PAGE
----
and a simple comparator circuit detects that the temperature is above the trip value
of 35°C to turn on the fans. The fans need to be high output types, as they will be
called upon to dispose of a prodigious amount of heat when the amp is being
pushed. Thermal switches act as a backup - if the fan controller fails to operate for
any reason, normally open thermal switches will start the fans.

Water cooling is a viable option for an amp like this, especially for long term high
power usage in a fixed location.


If you decide to build this amp, you will be prepared to spend a lot of money and
time. You will also have sufficient experience to be able to work out the
construction processes yourself. For a single channel, the parts alone will cost
upwards of AU$1,000, probably closer to AU$1,500 or even more. Just the power
transformer is likely to be around $250-300, and there's probably another $300 or
more for filter capacitors. You will need a heatsink rated at about 0.03°C/W with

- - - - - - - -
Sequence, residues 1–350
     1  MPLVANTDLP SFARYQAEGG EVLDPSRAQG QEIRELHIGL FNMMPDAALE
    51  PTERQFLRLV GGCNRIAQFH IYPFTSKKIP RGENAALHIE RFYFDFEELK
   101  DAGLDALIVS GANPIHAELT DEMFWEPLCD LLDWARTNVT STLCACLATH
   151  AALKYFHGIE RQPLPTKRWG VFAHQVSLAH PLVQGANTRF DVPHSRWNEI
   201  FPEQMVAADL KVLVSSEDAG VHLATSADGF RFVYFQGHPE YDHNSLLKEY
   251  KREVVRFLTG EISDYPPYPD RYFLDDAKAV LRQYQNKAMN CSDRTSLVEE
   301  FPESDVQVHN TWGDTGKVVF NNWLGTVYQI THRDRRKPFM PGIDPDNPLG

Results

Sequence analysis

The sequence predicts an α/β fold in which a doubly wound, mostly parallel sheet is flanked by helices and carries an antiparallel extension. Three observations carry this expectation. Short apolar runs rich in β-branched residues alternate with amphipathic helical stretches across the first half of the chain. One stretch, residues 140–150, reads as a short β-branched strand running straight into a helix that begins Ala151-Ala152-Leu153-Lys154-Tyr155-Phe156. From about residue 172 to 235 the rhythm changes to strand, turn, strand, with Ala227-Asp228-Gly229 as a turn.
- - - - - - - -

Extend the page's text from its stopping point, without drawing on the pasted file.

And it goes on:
forced cooling. I cannot suggest a suitable heatsink, but you can be sure that it will
be large and expensive.
Please note that this project is provided as information only, and I will not provide
any assistance to prospective builders. The entire project is your responsibility if
you want to take it on.


If you are crazy enough to build this amp, then you will have sufficient skills to be
able to work out what is needed to test it. Remember that the smallest mistake
could easily despatch many expensive transistors, blow the tracks off a PCB, melt
wiring, and all manner of other distasteful possibilities.

As with any high powered amplifier, initial testing should be done with a current
limited power supply and no load. The amp will be functional with as little as ±10V
or less, and the power supply and complete amplifier must be tested using a Variac
(bypassing the soft start for initial tests). The Variac needs to be rated the same as
the power transformer (i.e. at least 2kVA).

I will leave the remainder of the test procedure to the constructor, since the only
people who should even attempt building an amp of this power should be very
experienced with high power systems. If this does not describe you, then don't
even think about it.